But there is also the current in the secondary and it also has an effect on the same flux that is creating it. Here you must also consider the fact that the secondary current is going to be 90 degrees out of phase with the primary. This is because it is created by the RATE OF CHANGE in the primary's flux, not the magnitude of the flux itself. This rate of change is greatest when the primary's current is actually zero (the current is sinusoidal and it's rate of change is greatest when the current is crossing the zero axis and hence is at a zero value). So the secondary current has to be added to the primary’s current using vectors. The resultant is going to be another sinusoidal function with a phase angle somewhere between the two contributors. In magnitude it will be close to the magnitude of the current in the primary alone and the actual relationship may depend more on the losses and secondary effects than on the actual primary and secondary currents. In total, the overall flux will be at a minimum when there is no load and it will increase as the load increases. This relationship will be more or less linear.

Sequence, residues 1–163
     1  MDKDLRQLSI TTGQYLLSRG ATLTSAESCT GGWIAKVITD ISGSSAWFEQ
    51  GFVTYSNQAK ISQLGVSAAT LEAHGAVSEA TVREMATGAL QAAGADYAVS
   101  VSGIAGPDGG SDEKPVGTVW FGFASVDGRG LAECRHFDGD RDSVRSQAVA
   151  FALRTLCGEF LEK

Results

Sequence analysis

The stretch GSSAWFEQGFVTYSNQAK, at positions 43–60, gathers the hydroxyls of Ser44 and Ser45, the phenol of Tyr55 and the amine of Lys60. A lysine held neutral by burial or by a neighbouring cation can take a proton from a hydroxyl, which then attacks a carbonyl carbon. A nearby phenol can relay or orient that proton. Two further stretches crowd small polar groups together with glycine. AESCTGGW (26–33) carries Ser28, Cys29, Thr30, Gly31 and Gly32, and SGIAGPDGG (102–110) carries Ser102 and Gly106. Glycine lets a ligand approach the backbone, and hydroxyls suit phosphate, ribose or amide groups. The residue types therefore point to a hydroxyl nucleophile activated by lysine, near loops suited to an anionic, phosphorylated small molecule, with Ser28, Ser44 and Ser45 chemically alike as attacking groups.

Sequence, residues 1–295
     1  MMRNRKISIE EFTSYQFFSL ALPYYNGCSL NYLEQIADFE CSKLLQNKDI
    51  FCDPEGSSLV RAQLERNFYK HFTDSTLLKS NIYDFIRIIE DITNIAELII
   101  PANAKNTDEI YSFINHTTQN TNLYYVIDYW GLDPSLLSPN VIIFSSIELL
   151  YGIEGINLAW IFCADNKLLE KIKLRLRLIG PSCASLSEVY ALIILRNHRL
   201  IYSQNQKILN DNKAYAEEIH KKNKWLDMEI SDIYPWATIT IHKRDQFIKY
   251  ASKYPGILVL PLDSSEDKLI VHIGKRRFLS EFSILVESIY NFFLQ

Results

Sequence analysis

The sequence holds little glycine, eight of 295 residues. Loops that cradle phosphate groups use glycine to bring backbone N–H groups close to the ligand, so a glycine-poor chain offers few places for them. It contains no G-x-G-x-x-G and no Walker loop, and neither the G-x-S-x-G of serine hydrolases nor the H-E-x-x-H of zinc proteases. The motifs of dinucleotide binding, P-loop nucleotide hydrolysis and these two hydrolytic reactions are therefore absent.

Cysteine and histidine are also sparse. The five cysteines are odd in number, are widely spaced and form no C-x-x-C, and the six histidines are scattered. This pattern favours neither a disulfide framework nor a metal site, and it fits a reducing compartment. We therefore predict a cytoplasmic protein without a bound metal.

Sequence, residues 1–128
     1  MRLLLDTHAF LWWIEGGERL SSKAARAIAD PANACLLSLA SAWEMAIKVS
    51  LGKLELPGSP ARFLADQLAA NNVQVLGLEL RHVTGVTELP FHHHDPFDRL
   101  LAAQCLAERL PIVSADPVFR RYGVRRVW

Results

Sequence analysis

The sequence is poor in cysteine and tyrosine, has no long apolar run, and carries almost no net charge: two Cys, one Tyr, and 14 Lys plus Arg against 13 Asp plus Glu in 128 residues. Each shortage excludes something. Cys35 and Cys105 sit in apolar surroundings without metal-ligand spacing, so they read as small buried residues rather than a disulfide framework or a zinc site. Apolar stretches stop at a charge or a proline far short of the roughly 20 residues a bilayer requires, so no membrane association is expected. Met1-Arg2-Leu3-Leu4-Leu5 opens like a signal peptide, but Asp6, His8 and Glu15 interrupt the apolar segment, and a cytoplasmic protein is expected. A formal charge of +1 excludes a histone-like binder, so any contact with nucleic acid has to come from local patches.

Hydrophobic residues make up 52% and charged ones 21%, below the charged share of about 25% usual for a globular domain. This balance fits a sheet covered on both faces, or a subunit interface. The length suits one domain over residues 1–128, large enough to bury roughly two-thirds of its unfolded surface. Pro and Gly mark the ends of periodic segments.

Second, the hum increases with load. Yes, this does happen. The transformers are constructed to contain the flux inside the cores. Any flux that in not contained is wasted as EM radiation (radio waves) so an efficient transformer contains all the flux. In reality, this is not perfect and some does escape. A big contributor to this escaped flux, escaped EM radiation, is the wire leads going into and out of the transformer. They are not actually part of the windings so the magnetic (EM) field around them CAN and DOES escape more easily. This is a principal contributor to the hum you typically hear around high power transformers. You will also hear it around switchgear. The steel cabinet can pick up the radiated EM field and vibrate (hum). This can happen even if there are no magnetic breakers in the cabinet. Same idea: it’s the wires themselves that radiate. Also, the core of the transforner itself can contribute to hum. If the laminations are not completely impregnated with the varnish to fix them, they can move and hence, hum. You will also hear it near high Voltage lines even with no transformers in the vicinity. The wires themselves can vibrate from their mutual fields.